Cost per serving $0.15 view details
- 500 g all-purpose flour
- 3 medium eggs and a yolk
- 50 g unsalted butter
- 25 ml of grappa (or other liqueur)
- 70 g sugar
- 6 g baking powder
- 1 teaspoon of vanilla extract
- 1 pinch of salt
- Oilseed (corn oil for me) to fry
- powdered sugar (or granulated one) to sprinkle the bugie
- If you have a food procesor, put all ingredients in its bowl and mix them. If you, like me, don't have a food processor, then roll up your sleeves: put the flour on a work surface and, in the middle, put the eggs and yolk, salt, baking powder, sugar, grappa and butter. Then, armed with brute force and the patience of Job, knead the ingredients until the dough is smooth and elastic (it will take at least 10 minutes of kneading). Form a ball and put it in the fridge for at least half an hour.
- After this rest, take the pasta machine and create sheets from the dough: you must reduce the distance between the rollers bit by bit (don't miss the transiction between the penultimate and the last distance, to make the job easier). Fortunately, I own a fantastic engine for the pasta machine: in the absence of the engine, you will have enough to gym .. in the absence of the machine, well, good luck! With a rolling pin is really hard, mostly because dough itself is quite hard to roll out!
- Once you have the sheets, cut them with a toothed (or smooth) pasta cutter in whatever forms you like: the classic bugie are square or rectangular with two parallel cuts in the middle, but you can do whatever you want (diamond-shaped, elongated, striped knotted... satisfy your whims!). I made ââsome bugie filled with bio plum jam (ie from my garden) and amaretto, using the tool for Piedmontese agnolotti (link http://en.wikipedia.org/wiki/Agnolotti)!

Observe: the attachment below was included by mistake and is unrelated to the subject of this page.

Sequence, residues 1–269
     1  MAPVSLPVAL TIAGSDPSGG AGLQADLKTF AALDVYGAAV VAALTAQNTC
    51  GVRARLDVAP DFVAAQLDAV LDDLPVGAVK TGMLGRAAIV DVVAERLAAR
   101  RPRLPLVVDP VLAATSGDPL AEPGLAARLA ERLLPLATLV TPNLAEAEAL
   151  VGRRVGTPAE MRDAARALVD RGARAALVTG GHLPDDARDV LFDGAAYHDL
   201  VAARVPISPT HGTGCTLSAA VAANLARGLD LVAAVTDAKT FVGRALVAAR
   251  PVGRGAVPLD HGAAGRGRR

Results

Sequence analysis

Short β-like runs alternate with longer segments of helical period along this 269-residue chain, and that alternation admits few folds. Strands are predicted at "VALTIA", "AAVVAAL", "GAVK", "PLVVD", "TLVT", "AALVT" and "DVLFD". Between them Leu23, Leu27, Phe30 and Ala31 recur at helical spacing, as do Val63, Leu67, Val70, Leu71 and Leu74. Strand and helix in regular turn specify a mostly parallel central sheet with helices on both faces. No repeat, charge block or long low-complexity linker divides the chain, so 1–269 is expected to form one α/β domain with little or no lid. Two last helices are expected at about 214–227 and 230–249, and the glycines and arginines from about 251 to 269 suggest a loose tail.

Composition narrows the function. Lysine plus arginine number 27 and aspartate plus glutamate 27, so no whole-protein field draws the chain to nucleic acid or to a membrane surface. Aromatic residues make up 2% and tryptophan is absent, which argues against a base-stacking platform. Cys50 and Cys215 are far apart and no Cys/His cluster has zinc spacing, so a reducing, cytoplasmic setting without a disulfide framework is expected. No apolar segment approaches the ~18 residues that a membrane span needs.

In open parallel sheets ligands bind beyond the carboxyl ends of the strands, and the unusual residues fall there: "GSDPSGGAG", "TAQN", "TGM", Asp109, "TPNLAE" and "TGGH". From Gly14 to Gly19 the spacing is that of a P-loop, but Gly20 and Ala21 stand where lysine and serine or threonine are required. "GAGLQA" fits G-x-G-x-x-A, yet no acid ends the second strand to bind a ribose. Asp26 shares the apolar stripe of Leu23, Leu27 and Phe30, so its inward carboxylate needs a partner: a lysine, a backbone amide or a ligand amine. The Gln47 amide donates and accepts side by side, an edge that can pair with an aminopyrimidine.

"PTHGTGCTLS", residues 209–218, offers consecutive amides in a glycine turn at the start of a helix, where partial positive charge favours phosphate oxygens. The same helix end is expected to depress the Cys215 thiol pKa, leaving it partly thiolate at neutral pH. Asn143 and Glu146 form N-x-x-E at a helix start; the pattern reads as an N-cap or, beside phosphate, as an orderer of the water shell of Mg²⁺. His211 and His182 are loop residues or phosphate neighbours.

- Once you have your bugie, here it comes the most tedious and smelly task: frying them! Scientifically it's a complex operation if you don't have (like me) a thermometer to monitor the oil temperature (the one that you use to take your temperature is not suitable, unless you want to do strange experiments, and I don't take responsibility for it), which should be warm but not hot, otherwise the bugie will become immediately dark. The temperature, in fact, should be up to 337-356Â°F (170-180Â°C). To understand if the oil temperature was right, I used the toothpick trick: I let the oil heat in a pan and, when it seemed that had come up to temperature, I put a toothpick in the oil. If the oil begins to make bubbles around the toothpick, the temperature is right! Obviously, it is an empirical method: if you see that the bugie don't swell, raise the heat, if they burn too easily, lower it.
- You must cook them by turning on both sides (they should swell well and quite fast) and then removing them from the oil when golden brown.
- Then leave them on paper towels to remove extra oil: when cold, you can put them on a serving platter and dust them with icing or granulated sugar (as you prefer).
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|Amount Per Serving||%DV|
|Serving Size 49g|
|Recipe makes 15 servings|
|Calories from Fat 33||19%|
|Total Fat 3.8g||5%|
|Saturated Fat 2.01g||8%|
|Trans Fat 0.0g|
|Total Carbs 30.2g||8%|
|Dietary Fiber 0.9g||3%|